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I want to record the RSSI at a certain point with the distance that point is from a router. The distance will be user input and so will the output file name so the user will type something like:

sh output.csv 20

where output.csv is the csv I want to append the results to and 20 is the distance

at the moment looks like:


RSSI=$(iwconfig wlan0 | awk -F'[ =]+' '/Signal level/ {print $7}\')

awk '{print $DISTANCE, $RSSI}' > $RSSI_CSV 

This creates RSSI_CSV as per user input but doesn't print the required values in it and I'm not sure why.

I imagine it's

awk '{print $DISTANCE, $RSSI}' > $RSSI_CSV 

that isn't working as echo RSSI or echo DISTANCE both output the values to the screen. I'm using awk as I want to have columns so i can output a csv file, perhaps though there is a better way?

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What do you mean by "append the results"? Do you want a comma (or some opther) separator? – Bill Woodger Feb 13 '13 at 15:45

2 Answers 2

There are a couple of issues with your awk need to pass the variables using the -v option and use the BEGIN block as no input is given. Also note that a single > will not append but overwrite the file. For appending you need >>:

awk -vD=$DISTANCE -vR=$RSSI 'BEGIN{print D,R}' >> $RSSI_CSV 



$ RSSI=$(iwconfig wlan0 | awk -F'[ =]+' '/Signal level/ {print $7}')

$ awk -vD=$DISTANCE -vR=$RSSI 'BEGIN{print D,R}' 
20 -47

Note: I believe you want comma separated values so:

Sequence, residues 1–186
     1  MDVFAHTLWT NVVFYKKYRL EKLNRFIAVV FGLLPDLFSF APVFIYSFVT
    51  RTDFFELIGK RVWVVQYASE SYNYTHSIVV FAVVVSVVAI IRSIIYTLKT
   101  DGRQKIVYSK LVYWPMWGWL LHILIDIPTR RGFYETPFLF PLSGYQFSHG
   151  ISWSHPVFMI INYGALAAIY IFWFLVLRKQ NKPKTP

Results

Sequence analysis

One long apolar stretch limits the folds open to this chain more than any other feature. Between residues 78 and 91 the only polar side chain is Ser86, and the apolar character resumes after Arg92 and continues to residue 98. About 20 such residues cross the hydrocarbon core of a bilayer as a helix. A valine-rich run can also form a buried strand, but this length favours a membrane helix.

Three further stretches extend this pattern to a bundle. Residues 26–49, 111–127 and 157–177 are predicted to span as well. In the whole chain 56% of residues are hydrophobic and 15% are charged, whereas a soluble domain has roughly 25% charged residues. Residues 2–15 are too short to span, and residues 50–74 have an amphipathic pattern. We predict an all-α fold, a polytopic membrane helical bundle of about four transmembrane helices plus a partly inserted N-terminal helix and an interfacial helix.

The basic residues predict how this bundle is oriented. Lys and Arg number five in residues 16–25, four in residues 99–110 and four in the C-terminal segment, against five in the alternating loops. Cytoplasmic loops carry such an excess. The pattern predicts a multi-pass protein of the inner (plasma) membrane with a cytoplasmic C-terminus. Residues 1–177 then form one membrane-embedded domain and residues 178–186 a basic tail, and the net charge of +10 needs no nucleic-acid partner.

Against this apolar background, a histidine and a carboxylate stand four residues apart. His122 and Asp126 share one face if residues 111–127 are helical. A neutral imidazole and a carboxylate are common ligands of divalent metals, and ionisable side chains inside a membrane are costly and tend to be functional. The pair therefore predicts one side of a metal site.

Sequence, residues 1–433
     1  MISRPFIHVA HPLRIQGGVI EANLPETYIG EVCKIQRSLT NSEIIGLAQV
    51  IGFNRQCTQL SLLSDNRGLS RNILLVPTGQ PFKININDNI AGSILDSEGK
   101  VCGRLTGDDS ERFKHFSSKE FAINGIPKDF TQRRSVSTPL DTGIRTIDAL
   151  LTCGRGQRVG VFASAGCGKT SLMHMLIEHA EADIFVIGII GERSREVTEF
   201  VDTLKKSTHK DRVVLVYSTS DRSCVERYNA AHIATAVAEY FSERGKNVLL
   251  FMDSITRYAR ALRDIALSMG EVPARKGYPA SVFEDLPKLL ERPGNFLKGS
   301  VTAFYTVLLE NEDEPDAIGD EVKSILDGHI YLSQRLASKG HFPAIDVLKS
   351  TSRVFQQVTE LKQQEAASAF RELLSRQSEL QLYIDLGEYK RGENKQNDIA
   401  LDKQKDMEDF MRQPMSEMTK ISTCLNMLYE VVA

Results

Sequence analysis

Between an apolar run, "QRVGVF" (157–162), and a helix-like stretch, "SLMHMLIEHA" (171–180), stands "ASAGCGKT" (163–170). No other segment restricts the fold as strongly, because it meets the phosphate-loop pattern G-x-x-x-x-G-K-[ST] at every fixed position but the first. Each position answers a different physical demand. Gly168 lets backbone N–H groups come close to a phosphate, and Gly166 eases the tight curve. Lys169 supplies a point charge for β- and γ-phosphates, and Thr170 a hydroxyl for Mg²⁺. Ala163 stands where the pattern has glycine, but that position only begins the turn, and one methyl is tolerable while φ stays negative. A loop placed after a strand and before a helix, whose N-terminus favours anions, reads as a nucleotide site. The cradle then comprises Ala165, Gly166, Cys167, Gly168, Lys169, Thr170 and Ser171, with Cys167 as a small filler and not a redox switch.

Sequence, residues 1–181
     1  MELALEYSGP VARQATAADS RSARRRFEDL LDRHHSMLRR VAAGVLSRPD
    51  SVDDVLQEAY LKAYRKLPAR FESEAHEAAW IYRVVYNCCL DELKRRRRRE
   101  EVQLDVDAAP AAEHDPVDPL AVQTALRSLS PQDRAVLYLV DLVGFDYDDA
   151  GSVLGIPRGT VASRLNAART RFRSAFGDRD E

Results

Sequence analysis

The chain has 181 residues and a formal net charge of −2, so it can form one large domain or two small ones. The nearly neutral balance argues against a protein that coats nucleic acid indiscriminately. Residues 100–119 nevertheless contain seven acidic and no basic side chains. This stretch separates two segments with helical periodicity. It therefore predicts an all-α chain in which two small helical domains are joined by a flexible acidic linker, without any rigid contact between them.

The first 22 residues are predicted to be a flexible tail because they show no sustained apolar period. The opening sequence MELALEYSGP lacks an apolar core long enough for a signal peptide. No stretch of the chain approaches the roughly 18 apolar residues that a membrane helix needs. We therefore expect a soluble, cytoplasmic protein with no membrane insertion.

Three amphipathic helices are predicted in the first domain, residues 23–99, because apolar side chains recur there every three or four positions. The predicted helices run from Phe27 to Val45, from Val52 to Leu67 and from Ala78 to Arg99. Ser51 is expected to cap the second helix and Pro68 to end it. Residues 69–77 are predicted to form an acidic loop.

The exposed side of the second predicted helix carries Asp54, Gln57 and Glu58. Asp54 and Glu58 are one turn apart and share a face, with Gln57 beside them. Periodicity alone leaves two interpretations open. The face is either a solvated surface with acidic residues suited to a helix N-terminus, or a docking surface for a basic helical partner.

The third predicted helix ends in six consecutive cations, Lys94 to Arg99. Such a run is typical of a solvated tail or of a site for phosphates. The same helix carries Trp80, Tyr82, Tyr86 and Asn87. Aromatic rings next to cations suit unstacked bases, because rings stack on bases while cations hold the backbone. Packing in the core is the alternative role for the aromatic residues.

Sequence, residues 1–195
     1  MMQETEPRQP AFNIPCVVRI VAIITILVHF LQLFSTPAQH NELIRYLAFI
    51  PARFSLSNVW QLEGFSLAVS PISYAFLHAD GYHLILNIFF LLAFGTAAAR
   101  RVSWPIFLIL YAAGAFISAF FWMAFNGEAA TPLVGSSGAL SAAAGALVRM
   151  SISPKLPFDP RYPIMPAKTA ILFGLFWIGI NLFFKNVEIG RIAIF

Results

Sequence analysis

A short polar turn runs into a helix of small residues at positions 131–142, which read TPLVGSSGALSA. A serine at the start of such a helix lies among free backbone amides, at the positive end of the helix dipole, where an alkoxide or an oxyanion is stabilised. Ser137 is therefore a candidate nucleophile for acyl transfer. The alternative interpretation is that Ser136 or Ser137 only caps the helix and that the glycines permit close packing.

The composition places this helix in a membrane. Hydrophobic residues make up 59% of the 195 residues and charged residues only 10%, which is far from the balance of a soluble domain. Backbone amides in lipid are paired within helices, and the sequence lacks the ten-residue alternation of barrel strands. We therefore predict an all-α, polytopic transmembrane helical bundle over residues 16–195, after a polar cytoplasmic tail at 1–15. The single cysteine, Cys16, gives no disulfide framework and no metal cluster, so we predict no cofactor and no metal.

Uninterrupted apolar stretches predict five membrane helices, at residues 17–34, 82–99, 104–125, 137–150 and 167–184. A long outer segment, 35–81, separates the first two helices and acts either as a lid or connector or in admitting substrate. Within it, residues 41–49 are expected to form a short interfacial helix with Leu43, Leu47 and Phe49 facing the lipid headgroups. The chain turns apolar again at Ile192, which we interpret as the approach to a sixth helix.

$ awk -vD=$DISTANCE -vR=$RSSI 'BEGIN{print D","R}' 

However awk is overkill for printing variables just use good old echo:

$ echo "$DISTANCE,$RSSI"
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I can't seem to get this to work in a script – mark mcmurray Feb 13 '13 at 15:59
It's hard to say what mistake you have made without posting your code but this is tested and works I have pointed out the awk mistakes but the right solution is too use echo. – iiSeymour Feb 13 '13 at 16:06

You don't need awk to print two shell variables.

printf "%s,%s\n" "$DISTANCE" "$RSSI" >> "$RSSI_CSV"
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Will I need to do '>> $RSSI_CSV' to append the result? – mark mcmurray Feb 13 '13 at 15:55
Yes, ">" alone would overwrite the file. The benefit of using printf here is that it is a shell built-in, so it doesn't have to spawn a new process just to add to the file. I'll update the answer to handle appends better. – chepner Feb 13 '13 at 15:59
You should really use `printf "%s,%s\n" "$DISTANCE" "$RSSI" >> "$RSSI_CSV" to handle edge cases with no nasty surprises. – Ed Morton Feb 14 '13 at 0:13
printf is not necessarily any more of a shell builtin than is echo. – William Pursell Feb 14 '13 at 10:13
@EdMorton: Could you provide an example where using "%s" produces a different result than direct interpolation? @WilliamPursell No, echo would work just as well. I just meant to contrast printf with awk. – chepner Feb 14 '13 at 12:56

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